It's done! I finished the last few rows and added the fringe while at the Stitch-n-Bitch yesterday at Phoenix Coffee, up on Lee. This was my first time at the SnB, and Karen and I went together - we has a lovely time and met several really amazing and welcoming knitters and crocheters. It was a fun afternoon, and I hope to join them again.

Here's the requisite finished object photo. (Thanks, Ben, for the photography!) I was too lazy to change into scarf-appropriate clothing, so just imagine it's actually cool enough to be wearing it.

Pattern: Modified from the stitch described in this post, the scarf was 37 sts wide. I wrapped the yarn once, twice and thrice to get the stitch pattern - as written above, I found the stitch too loopy.

Yarn: Debbie Bliss Pure Silk, in bright pink (I used about 2.5 skeins)

Needles: 6 mm/size 10 straight bamboo

This yarn is deliciously soft, and I can't wait to wear this for real -I think it will be a great fall and spring scarf for those days when it's just cool enough to warrant something snuggly.

Next up will be Henry for Ben, and a return to another unbloggable project. Oh! And while photographing my stash yarns for Ravelry (which I still can't quite believe I did), I came across a stalled sock from ... first year, maybe? It's plain stockinette in a blue-and-gray self-striping yarn from Elann, and although I don't quite remember the pattern I was using, I can probably just wing its mate. I brought it along yesterday and knit two or so inches between the SnB and movie night at Karen and Brandon's. I'm remembering again why I like no-fuss sock knitting.

Saturday, September 22, 2007

Back Home

Ben and I had a lovely mini-vacation yesterday! His company had purchased a block of tickets to the Indians vs the A's last night, and so we joined his coworkers for dinner and drinks before the game down at Jacob's Field. (We won! Go Tribe! ....and I've officially been living in Cleveland for a long time.) After the game, we headed over to The Corner Alley, which is this great combination of restaurant, martini bar and bowling alley. We'd been once before, and it works unexpectedly well - they've built the place such that there's really almost no noise from the lanes, and the dining area is visually separated from the bar-and-bowling area, and it's just a lot of fun. (And for the record - their creme brulee martini? Totally worth the drive downtown.) I haven't really been down to East Fourth much, and I was pleasantly surprised - the street is closed to car traffic between Euclid and Prospect and it has this almost European feel:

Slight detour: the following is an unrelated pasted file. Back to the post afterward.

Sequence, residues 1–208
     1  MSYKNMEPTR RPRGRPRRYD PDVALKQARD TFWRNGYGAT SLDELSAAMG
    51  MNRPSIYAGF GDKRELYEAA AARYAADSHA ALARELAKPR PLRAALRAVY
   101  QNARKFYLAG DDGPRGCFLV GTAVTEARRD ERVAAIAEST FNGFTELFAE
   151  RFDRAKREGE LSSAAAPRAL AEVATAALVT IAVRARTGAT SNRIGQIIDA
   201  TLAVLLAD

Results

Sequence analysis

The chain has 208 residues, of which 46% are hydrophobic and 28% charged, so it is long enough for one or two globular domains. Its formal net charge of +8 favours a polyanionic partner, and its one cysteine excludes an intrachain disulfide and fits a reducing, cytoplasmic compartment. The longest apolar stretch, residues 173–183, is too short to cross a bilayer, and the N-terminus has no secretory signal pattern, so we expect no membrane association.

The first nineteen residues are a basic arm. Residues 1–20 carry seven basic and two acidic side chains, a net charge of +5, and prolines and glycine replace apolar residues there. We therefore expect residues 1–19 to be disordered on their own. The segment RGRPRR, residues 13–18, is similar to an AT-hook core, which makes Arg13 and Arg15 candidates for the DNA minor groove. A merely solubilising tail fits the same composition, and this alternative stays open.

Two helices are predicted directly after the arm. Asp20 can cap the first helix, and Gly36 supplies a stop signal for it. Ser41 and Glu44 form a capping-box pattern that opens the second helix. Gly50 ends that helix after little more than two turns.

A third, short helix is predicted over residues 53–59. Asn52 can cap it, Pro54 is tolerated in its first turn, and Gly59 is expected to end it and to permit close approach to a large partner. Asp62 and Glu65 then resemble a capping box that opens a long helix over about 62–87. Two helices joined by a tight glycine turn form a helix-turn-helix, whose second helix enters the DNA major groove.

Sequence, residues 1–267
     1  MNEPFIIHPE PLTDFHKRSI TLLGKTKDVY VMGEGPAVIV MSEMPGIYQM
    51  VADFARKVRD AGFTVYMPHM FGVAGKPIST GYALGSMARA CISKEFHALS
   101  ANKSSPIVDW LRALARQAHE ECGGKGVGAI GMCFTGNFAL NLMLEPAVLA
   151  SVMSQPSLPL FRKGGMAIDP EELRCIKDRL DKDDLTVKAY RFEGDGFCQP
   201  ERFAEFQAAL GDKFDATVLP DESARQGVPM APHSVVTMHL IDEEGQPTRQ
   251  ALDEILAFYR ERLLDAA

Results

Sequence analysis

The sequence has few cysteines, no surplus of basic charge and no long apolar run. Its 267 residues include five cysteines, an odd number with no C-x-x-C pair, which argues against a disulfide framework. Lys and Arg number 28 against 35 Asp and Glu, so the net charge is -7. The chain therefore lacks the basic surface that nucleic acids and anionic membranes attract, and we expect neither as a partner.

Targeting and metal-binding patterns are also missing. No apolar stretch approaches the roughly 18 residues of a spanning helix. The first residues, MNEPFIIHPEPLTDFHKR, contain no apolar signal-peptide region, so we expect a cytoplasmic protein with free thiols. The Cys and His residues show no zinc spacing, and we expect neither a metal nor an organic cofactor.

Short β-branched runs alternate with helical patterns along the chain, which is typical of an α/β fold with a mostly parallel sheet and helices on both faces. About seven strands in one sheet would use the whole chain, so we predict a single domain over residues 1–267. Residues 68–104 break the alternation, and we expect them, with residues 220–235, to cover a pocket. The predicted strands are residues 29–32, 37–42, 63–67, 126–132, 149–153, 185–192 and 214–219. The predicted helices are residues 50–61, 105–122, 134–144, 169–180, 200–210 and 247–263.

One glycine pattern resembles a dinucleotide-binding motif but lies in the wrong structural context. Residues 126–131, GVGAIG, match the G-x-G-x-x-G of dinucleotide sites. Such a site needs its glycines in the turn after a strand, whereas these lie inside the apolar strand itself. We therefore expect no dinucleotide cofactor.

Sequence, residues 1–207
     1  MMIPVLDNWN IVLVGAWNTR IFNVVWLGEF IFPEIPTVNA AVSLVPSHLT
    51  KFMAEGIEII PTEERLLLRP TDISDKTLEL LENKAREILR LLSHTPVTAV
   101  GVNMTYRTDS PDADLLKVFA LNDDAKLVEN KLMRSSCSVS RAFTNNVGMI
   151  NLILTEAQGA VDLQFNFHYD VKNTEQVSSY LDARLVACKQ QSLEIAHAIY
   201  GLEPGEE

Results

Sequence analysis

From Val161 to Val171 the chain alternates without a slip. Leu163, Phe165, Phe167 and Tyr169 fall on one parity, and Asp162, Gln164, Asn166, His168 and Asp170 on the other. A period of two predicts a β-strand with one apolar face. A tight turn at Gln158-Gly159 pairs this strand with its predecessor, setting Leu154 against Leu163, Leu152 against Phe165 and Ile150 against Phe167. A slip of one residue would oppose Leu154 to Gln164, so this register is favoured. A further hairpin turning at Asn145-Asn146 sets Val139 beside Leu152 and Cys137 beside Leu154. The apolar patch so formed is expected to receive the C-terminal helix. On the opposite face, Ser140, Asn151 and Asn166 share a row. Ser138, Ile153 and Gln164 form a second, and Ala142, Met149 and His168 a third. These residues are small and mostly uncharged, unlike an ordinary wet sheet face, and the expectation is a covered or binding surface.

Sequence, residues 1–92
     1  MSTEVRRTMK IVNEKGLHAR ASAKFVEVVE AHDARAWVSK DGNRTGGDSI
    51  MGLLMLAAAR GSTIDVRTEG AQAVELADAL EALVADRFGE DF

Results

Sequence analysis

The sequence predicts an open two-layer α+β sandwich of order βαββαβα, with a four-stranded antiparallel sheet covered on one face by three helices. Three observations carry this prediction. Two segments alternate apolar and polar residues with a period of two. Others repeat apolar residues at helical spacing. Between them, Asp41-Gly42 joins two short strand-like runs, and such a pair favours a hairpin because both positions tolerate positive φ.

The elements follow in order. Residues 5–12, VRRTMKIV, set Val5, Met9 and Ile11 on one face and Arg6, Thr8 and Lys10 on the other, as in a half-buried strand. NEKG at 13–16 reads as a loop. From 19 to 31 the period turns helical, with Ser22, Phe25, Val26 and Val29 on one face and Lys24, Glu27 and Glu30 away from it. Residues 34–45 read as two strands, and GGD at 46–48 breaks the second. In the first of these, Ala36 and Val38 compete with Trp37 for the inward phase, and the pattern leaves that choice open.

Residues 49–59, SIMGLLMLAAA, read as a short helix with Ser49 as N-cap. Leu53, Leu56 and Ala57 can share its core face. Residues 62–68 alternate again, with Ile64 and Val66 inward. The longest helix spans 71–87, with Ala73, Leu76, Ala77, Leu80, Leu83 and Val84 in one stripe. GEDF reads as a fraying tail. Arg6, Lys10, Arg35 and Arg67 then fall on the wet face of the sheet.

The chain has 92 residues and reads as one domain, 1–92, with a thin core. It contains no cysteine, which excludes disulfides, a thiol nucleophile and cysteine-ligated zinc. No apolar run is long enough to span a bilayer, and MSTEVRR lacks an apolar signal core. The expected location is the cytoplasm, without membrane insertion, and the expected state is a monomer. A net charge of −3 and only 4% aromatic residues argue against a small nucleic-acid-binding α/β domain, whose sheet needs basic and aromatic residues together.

(Photo taken from - I managed to forget my camera last night.)

I had somehow missed the fact that The Corner Alley, the House of Blues, Lola and Flannery's (all places I've visited and enjoyed) are all right on the same little pedestrian street here.

The reason this excursion became a mini-vacation, though, was that we didn't have to schelp back to the east side at 1 am, but stayed at the Hyatt downtown (which is right across the street from the Corner Alley). Ben's boss has been singing the praises of Priceline, and we scored a room at this lovely hotel for $35! Click this link to see the hotel lobby - the first floor is all shops and restaurants, and the hotel itself is very quaint and 1920's looking on the outside (the doors to the rooms had letter slots! Soldered shut now, but still) yet the rooms themselves are modern and very nicely done.

We had a lovely time, and I was completely charmed by Cleveland's downtown - we joke about the Rust Belt, and there is some truth in that, but downtown is really revitalizing itself. We had dinner, watched the game, went out for drinks and then back to our hotel, all happening within half a mile of each other. And though there were definitely people around - last night's game was sold out - the crowds were still manageable, unlike what a similar evening would have been like in New York, for example. And the hotel room cost $35! Which still blows my mind. Anyway, we had a lot of fun, and I enjoyed the opportunity to play the tourist at home.

In knitting news, I am determined to finish the silk scarf this weekend - all that fringe makes me want to cry, but I will be brave, because it will be pretty. I've decided to nix the beading - I think I'd probably just end up smacking myself in the face with it, and really, that's no fun for anyone. And I'm on the hunt for some suitably drab dark gray sock yarn with which to knit Henry - I promised Ben a scarf last April, and, well, it's getting to be that time of year. The idea of a 452 stitch 24 row repeat terrifies me a little, but the pattern does seem to be one of those that seems way more complicated written down than it will actually be to knit. We'll see how it goes.

Edited to add: It seems I have unfairly slandered my beloved - once he saw a forest green yarn held against his gray coat, Ben decided to go for a little more color in his winter wardrobe. Which thrills me, because the mere thought of knitting an entire scarf in fingering weight dark gray yarn made my eyes hurt. So - thanks, Ben! (And sorry about the drab thing.) We'll be buying yarn tomorrow....

Wednesday, September 19, 2007

Made Like Bread

You know, I really can't remember the last time I was able to read so much for pleasure... maybe during high school? This research block thing is suiting me just fine.